University Research Priority Programs (URPP)

Starting in January 2021, UZH is launching five new University Research Priority Programs.

Adaptive Brain Circuits in Development and Learning URPP

The act of learning changes the neural networks of the brain. However, the genetic, molecular and cellular processes that form the basis of learning are only partially understood. The goal of the Adaptive Brain Circuits in Development and Learning URPP is to investigate how these neural networks form and how they contribute to specific behaviors in humans and different animal models.

Led by Dr. Esther Stoeckli, Dr. Fritjof Helmchen

Digital Religion(s) – Communication, Interaction and Transformation in the Digital Society URPP

Digitalization is also influencing the religious community and its behaviors. The Digital Religion(s) URPP is investigating how digitalization is shaping religious practice by individuals and institutions, looking at examples in church service, pastoral care, grief counseling and the formation of religious networks.

Led by Dr. Thomas Schlag

Equality of Opportunity URPP

Factors such as sex, religion, ethnic background, country of origin and familial wealth can lead to significant differences between segments of the population. The Equality of Opportunity URPP aims to research the economic and social changes that lead to inequality.

Led by Dr. David Dorn, Prof. Dr. Silja Häusermann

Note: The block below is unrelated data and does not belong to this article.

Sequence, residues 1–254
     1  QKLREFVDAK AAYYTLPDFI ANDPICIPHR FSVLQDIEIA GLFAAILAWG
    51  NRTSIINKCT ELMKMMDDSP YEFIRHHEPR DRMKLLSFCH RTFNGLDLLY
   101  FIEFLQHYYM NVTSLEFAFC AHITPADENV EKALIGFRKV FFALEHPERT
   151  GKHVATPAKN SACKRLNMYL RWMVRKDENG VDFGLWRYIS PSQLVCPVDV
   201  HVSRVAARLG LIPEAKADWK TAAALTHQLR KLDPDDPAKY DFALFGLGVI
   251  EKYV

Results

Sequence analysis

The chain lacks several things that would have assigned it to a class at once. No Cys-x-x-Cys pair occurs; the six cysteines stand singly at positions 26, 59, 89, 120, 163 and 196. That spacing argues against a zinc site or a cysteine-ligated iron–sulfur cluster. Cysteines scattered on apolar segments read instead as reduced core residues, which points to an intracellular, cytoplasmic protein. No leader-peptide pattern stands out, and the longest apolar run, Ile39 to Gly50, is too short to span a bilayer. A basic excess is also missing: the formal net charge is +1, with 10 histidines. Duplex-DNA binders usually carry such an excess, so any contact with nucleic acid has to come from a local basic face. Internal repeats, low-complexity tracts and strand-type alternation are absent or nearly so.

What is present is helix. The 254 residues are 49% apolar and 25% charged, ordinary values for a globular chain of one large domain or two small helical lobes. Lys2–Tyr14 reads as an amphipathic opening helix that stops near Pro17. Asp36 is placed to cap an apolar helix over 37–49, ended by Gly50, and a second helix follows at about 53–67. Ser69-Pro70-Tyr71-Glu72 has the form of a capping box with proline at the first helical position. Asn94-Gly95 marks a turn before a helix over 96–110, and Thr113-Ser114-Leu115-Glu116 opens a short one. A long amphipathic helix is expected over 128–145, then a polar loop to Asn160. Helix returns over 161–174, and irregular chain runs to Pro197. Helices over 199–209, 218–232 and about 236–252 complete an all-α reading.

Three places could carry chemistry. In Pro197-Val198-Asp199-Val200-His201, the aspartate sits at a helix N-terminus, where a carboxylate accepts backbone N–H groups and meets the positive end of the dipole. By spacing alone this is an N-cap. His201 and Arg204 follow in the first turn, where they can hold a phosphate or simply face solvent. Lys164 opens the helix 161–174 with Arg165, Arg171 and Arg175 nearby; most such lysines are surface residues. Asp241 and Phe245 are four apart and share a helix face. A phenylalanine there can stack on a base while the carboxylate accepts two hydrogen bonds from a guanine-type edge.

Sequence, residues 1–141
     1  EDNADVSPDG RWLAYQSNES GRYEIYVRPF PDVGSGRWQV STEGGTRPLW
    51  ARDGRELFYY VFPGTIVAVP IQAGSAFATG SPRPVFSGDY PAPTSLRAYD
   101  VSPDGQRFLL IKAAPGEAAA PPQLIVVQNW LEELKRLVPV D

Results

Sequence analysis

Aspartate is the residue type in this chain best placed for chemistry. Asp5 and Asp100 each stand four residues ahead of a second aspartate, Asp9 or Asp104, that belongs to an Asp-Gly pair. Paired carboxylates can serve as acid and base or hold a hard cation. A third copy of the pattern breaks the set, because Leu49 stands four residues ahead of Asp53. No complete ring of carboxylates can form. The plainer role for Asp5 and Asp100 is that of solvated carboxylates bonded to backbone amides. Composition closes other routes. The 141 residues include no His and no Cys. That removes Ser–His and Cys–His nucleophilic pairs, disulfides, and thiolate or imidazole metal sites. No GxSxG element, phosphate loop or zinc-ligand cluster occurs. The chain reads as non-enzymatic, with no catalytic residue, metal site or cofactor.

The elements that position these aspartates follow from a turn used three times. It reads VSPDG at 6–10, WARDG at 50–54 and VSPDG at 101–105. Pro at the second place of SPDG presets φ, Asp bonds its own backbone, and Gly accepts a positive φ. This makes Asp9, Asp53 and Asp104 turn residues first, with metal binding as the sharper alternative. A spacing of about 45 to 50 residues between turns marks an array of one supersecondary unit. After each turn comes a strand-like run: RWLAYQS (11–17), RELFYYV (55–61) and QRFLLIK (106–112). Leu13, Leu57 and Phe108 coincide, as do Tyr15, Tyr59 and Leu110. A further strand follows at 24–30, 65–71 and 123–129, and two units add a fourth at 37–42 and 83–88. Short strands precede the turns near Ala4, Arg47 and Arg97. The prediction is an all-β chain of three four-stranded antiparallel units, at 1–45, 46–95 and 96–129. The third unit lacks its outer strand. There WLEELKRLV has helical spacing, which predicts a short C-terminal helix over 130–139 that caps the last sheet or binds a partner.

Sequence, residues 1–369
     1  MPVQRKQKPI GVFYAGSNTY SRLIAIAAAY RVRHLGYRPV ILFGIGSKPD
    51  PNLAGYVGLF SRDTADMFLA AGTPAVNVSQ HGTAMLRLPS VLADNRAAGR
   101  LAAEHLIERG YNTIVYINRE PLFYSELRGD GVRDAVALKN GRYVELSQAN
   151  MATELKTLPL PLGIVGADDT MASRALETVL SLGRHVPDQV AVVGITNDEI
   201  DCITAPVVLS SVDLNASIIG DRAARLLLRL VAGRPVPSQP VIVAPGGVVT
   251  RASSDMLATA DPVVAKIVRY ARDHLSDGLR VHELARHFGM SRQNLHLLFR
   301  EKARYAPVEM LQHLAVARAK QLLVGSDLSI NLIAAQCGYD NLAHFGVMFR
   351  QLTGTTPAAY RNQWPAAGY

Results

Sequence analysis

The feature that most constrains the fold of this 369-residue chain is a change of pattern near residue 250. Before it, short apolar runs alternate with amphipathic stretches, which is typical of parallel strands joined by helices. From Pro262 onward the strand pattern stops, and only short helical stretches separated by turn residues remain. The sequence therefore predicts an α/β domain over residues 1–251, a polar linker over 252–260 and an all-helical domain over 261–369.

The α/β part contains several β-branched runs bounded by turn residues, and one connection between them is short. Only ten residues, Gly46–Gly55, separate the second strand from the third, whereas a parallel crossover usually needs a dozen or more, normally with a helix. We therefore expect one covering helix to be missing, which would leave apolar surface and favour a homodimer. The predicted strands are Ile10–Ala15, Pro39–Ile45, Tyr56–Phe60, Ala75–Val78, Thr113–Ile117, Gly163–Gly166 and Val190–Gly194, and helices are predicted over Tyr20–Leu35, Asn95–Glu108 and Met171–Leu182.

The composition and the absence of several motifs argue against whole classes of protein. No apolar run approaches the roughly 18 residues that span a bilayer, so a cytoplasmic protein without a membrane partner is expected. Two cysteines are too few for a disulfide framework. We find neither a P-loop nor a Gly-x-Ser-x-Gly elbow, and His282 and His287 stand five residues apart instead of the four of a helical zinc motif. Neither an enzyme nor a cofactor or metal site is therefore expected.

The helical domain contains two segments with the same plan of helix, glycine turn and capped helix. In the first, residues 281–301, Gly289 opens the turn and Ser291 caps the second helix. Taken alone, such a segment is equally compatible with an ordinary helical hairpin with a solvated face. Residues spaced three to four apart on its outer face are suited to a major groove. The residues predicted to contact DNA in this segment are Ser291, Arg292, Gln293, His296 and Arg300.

Human Reproduction Reloaded URPP

Reproduction is no longer just a question of fate but is now often the result of a conscious decision. The Human Reproduction Reloaded URPP is exploring the decision to become a parent: its legal, medical and social preconditions, as well as its consequences for individuals, families, society and the economy.

Led by Dr. Andrea Büchler

ITINERARE: Innovative Therapies in Rare Diseases – Challenges and Opportunities URPP

There is a great need for new therapies to treat rare diseases as well as initiatives that raise the public’s awareness of these conditions. ITINERARE: Innovative Therapies in Rare Diseases – Challenges and Opportunities is a URPP that seeks to advance the development of new therapies for treating rare diseases while also trying to answer the ethical, legal and pedagogical questions that surround these illnesses.

Led by Dr. Janine Reichenbach, Dr. Olivier Devuyst, Dr. Matthias Baumgartner

The eight URPPs from the second round of the initiative will run until the end of 2024.

URPP website

Nathalie Huber, editor UZH News; English translation by Gena Olson